Milwaukee council OKs Goll Mansion high-rise development

By Hannah Weikel - Freeman Staff

Sept. 27, 2017

MILWAUKEE — A move to rezone the historic Goll Mansion property on North Prospect Avenue to make way for a new high-rise apartment was approved by the Milwaukee Common Council Tuesday morning.

The development, proposed by a Madison developer, won the council’s vote 12 to 2 with one abstention, though it’s hotly disputed by residents and businesses in the area and by the district’s alderman, Robert Bauman.

Bauman said he has received dozens of emails from constituents in the city’s Fourth District in staunch opposition to the 27-story project due to traffic, parking and construction concerns along the busy street.

“Normally, it’s a slam dunk; we go with our constituents, we go with their concerns,” Bauman said at the meeting. “But in this case, other factors have been brought into play.”

District 3 Ald. Nik Kovac disagreed and said traffic along that stretch of city street is some of the worst in Milwaukee, but by no means unbearable.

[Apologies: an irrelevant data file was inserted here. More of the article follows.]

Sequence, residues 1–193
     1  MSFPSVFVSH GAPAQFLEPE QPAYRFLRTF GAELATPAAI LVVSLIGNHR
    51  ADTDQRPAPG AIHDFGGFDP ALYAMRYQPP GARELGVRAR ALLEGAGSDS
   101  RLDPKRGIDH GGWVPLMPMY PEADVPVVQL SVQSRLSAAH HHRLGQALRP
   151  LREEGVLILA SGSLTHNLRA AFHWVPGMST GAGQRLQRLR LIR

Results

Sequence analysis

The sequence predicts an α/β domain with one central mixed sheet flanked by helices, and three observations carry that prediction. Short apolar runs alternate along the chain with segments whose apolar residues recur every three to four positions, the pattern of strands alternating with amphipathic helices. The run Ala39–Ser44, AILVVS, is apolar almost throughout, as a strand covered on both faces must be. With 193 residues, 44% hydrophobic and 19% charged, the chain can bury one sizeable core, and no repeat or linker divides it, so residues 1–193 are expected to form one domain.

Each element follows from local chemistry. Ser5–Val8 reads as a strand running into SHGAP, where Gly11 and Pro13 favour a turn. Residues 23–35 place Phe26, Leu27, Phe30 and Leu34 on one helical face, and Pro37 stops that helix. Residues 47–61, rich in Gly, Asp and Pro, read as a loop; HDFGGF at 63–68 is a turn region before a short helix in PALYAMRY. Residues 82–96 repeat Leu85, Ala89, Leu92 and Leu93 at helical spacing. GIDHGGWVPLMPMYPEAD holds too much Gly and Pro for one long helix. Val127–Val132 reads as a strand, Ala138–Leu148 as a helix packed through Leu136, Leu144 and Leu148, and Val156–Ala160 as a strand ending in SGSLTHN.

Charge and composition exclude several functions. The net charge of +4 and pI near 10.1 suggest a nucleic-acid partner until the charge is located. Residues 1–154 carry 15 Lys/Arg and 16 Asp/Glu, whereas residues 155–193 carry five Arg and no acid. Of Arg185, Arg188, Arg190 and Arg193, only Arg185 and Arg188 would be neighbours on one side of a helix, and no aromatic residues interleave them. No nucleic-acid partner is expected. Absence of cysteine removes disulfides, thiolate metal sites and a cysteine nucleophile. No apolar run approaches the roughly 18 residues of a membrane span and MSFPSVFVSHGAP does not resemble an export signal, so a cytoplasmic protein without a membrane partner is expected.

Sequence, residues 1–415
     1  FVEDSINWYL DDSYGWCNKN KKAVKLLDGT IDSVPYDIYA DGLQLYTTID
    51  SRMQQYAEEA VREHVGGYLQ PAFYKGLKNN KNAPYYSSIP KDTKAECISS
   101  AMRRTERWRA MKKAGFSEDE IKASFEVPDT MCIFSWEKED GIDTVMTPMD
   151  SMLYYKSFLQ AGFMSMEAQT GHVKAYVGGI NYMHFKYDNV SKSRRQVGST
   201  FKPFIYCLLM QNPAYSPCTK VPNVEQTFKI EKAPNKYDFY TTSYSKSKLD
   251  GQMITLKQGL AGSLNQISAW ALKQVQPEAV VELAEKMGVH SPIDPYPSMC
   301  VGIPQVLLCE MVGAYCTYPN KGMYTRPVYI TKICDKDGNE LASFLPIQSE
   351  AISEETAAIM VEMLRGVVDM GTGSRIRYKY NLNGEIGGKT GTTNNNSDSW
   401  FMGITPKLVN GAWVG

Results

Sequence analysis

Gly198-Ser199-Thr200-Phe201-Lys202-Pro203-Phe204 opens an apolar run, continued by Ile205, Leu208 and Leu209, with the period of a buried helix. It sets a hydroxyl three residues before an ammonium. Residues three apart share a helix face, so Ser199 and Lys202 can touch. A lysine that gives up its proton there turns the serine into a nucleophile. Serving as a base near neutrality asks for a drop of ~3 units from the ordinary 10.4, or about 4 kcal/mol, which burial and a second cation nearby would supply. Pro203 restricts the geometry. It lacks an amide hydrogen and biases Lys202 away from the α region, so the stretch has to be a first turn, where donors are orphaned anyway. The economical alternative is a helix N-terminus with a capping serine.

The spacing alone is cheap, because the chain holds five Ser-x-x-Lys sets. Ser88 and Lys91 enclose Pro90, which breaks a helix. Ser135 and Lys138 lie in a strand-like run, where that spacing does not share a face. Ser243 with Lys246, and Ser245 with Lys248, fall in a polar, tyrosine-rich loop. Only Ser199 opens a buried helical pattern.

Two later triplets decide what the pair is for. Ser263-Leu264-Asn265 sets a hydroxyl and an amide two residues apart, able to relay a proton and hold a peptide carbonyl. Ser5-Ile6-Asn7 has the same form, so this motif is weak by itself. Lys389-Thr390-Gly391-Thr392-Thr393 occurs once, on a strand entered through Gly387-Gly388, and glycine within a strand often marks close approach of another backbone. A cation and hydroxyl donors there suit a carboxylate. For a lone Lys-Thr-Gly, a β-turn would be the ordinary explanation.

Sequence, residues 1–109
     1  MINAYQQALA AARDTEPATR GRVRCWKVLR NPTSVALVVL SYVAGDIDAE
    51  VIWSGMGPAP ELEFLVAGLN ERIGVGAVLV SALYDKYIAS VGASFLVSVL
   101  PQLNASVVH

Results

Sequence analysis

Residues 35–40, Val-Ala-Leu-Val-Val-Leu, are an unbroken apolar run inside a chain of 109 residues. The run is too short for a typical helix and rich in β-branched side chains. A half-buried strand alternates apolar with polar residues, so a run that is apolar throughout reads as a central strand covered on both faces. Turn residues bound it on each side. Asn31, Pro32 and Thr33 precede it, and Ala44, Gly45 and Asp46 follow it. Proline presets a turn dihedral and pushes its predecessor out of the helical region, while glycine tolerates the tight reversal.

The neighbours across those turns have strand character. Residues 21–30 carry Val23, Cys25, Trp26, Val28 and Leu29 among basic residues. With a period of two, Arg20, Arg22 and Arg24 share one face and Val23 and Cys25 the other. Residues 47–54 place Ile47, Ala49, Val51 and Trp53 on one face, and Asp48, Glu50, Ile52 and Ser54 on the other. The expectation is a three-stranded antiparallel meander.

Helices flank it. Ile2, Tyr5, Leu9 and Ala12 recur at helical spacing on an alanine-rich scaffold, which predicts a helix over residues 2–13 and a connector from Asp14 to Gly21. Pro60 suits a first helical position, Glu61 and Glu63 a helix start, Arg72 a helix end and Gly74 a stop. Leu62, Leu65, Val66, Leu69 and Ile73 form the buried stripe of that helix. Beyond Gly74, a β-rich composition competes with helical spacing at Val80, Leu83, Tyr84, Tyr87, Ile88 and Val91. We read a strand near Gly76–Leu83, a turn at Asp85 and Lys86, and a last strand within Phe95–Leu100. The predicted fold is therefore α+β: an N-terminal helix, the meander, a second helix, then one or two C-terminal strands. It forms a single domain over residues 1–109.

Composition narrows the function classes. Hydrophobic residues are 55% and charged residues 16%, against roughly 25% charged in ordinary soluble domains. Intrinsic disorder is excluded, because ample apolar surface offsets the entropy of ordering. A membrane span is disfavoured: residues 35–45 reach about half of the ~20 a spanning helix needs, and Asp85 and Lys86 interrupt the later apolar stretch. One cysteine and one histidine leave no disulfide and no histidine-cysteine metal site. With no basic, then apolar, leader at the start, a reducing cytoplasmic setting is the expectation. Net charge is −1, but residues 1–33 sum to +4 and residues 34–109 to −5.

“To suggest that a few hundred more apartments on a corridor that supports thousands of people and is about to support major transit investments — to suggest that the public health, safety and welfare is threatened by one new building amongst a dozen is just not fair,” Kovac said.

The Goll house, built in 1898 and located at 1550 N. Prospect Ave., has been considered for redevelopment twice before, failing both times.

The developer has pledged economic development and to use minority residents and small businesses for 20 percent of the construction of the 192unit tower, but Bauman said the promise is “empty and hollow” because there is no legal way to hold them to it.

“Promoting the minority work base cannot be enforced. They may have good intentions, but this is a business,” Bauman said.

District 5 Ald. James Bohl said every district has had disputed developments that passed and didn’t cause issues.

“The desire to retain what we know is a very strong, persuasive argument that drives residents to reach out to us,” Bohl said. “There’s a lot of positives for this. I won’t articulate them, I think the council already knows.”